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Parental Influences Determine Child’s Later Academic Success

August 13, 2009

 Mothers and fathers play different roles and make different contributions to a child’s upbringing, but a father’s influence upon a child’s academic success later in life is felt the most when he’s involved from the very beginning, says a University of Illinois expert in early childhood education.

While a mother’s involvement in school was found to be positively related to a child’s academic achievement, a father’s involvement was found to be negatively related to later student achievement, according to Brent McBride, a professor of human development at Illinois.

When it comes to schooling, fathers are typically only summoned late in the game when the light is blinking red ““ “when the child is going to flunk, is going to get expelled, is getting held back or is exhibiting a behavior problem, which would account for the negative relationship,” McBride said.

“Men typically don’t become engaged in the school process until there’s a problem. Then you have the big conference where both parents come in, sit down and sort everything out.”

But if a father hasn’t engaged with a child before they go off to school, “there’s even less likelihood he’s going to be engaged even when there is a problem in school,” McBride said.

“That’s why it’s not hard to understand why men don’t become involved in the school process that much, because they’re not involved early on in the process.”

According to McBride, there’s a clear relationship between what fathers do early in a child’s life and how much they’re involved once their child goes off to school.

 ”If fathers establish early on that they’re going to actively engage in the parenting process,” he said, “they’re much more likely to continue that engagement as they grow older.”

Along with establishing a model for themselves, fathers who are devoted participants in their child’s early years are also setting up expectations within the family unit that their partners see “as active engagement in the child’s life,” McBride said. “And when the child sees that, they grow to expect it. They know that Daddy wants to be involved, and respond to it.”

McBride, who also is the director of the university’s Child Development Laboratory, believes one of the reasons men have trouble having adjusting to the role of father is because fatherhood is, in some ways, less scripted than motherhood.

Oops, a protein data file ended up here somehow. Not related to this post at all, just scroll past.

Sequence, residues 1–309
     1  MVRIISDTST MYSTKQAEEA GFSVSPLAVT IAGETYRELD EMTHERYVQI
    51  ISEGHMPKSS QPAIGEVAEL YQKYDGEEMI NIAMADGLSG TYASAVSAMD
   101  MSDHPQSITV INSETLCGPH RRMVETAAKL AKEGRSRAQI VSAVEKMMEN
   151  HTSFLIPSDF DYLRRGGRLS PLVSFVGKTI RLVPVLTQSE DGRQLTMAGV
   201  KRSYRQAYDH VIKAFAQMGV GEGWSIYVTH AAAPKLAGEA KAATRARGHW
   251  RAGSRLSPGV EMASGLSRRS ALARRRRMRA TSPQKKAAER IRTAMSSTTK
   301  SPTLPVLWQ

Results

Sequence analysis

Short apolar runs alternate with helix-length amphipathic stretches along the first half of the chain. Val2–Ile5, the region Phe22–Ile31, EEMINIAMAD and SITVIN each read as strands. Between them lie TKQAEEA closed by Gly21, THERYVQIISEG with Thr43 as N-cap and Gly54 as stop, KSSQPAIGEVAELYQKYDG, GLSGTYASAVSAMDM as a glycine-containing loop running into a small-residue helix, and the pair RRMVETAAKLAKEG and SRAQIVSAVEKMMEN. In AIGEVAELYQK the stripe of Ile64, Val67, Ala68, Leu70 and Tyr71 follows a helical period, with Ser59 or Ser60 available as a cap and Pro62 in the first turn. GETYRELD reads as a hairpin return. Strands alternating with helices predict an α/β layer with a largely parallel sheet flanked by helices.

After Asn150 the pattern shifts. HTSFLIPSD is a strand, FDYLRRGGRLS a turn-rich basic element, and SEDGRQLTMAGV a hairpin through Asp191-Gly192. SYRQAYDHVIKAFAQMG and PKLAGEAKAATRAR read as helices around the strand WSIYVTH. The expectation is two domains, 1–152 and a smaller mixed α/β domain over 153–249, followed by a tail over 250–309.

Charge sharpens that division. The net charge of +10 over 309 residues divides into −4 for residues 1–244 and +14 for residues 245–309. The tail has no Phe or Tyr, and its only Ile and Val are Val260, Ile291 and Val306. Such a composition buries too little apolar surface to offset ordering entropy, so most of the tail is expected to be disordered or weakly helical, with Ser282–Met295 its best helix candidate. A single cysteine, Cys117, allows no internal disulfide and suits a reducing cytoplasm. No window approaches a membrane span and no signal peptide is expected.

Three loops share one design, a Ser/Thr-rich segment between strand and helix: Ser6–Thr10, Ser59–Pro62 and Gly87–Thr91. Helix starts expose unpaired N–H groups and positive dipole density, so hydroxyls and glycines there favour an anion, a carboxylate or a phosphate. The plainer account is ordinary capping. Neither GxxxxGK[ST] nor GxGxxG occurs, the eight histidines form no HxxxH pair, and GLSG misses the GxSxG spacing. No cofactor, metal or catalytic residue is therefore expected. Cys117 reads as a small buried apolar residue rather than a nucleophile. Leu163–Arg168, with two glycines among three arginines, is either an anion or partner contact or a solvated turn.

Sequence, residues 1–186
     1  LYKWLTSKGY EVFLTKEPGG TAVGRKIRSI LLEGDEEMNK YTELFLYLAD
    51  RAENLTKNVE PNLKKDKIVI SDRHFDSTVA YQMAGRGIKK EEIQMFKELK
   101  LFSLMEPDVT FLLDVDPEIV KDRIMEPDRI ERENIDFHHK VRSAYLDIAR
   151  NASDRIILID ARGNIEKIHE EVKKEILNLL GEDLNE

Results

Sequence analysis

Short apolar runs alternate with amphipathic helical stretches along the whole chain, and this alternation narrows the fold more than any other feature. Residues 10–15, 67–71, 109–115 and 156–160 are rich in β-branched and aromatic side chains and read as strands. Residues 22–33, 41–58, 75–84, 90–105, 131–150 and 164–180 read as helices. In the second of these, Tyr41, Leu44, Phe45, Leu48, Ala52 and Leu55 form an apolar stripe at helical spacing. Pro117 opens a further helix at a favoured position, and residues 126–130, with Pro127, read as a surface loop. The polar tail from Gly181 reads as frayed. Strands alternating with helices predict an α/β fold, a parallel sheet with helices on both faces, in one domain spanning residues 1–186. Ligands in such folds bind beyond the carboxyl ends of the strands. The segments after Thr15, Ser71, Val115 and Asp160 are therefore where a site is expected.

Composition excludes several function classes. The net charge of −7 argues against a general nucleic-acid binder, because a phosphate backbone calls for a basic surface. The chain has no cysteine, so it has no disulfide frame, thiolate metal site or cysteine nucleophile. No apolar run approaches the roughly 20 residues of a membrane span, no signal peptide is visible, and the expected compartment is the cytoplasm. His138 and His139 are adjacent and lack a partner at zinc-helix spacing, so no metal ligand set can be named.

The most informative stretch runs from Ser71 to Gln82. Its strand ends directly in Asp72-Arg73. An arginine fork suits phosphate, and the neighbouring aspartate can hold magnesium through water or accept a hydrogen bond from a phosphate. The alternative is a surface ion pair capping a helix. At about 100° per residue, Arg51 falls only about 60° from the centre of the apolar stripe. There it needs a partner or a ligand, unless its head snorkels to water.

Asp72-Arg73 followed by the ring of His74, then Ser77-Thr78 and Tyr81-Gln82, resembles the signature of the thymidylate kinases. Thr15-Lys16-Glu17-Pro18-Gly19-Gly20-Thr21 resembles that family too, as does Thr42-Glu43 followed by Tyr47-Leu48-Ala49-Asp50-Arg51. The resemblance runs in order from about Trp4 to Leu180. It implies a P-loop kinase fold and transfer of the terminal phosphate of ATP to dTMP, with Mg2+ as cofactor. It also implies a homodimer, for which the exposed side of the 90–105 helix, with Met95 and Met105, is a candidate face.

“If you’re not used to being around children, or you don’t understand how children develop, parenting may seem awkward and even somewhat intimidating,” he said. “We need to help fathers realize that what they do is really important. If we wait and only get fathers involved when kids are having problems in school, that’s too late.”

Fathers and father figures, McBride says, can have at least as much of a unique impact on a child as mothers do, and therefore should be seen as co-equal partners in parenting.

“We shouldn’t forget about what men are doing in the family constellation,” he said. “When we talk about arenas or domains that have typically been the mother’s expertise, we are too quick to dismiss the father as having any impact at all. It’s important when we talk about issues of early parenting that we not to get locked into the “Ëœparents equals mothers’ mindset.”

One of the keys to changing that mindset is working with service providers ““ teachers, social service workers and daycare workers ““ to change their perception of fathers.

“We have to work with service providers so that they recognize that if they want to get men more engaged in the process, which most professionals would concur with, then let’s focus on getting them engaged from day one of a child’s life,” McBride said.

Typically, when children are sick, there’s a “high probability that daycare or school will call the mother and not the father first,” he said. Not necessarily because the mother is better informed about the child’s health, McBride said, but because “that’s how they’re socialized to think, that Mom is the only one who can respond in that situation.”

“It’s a totally different mindset, one where Mommy isn’t necessarily called first when something goes wrong. But they’re the key to really having an effect and changing what goes on in families.”

McBride said these analyses suggest that we need to think more about men, fatherhood and what role they play as parents.

“We need to look at the bigger picture, because these analyses all point to the same conclusion: that men and women each contribute uniquely to child outcomes,” he said. “Any chance we get to help men discover what fatherhood really means to them and give them a model toward that engagement.”

The results of McBride’s research were published in an article titled “The Differential Impact of Early Father and Mother Involvement on Later Student Achievement” in the May 2009 issue of the Journal of Educational Psychology.

McBride’s co-authors were U. of I. students W. Justin Dyer and Ying Liu, and Geoffrey L. Brown, of the University of North Carolina at Chapel Hill.

Funding was provided by the National Science Foundation and the American Educational Research Association.

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Imageï»Â¿ ï»Â¿Ã¯»Â¿Photo by L. Brian Stauffer .Mothers and fathers play different roles and make different contributions to a child’s upbringing, but a father’s influence upon a child’s academic success later in life is felt the most when he’s involved from the very beginning, says Brent McBride, a University of Illinois expert in early childhood education.

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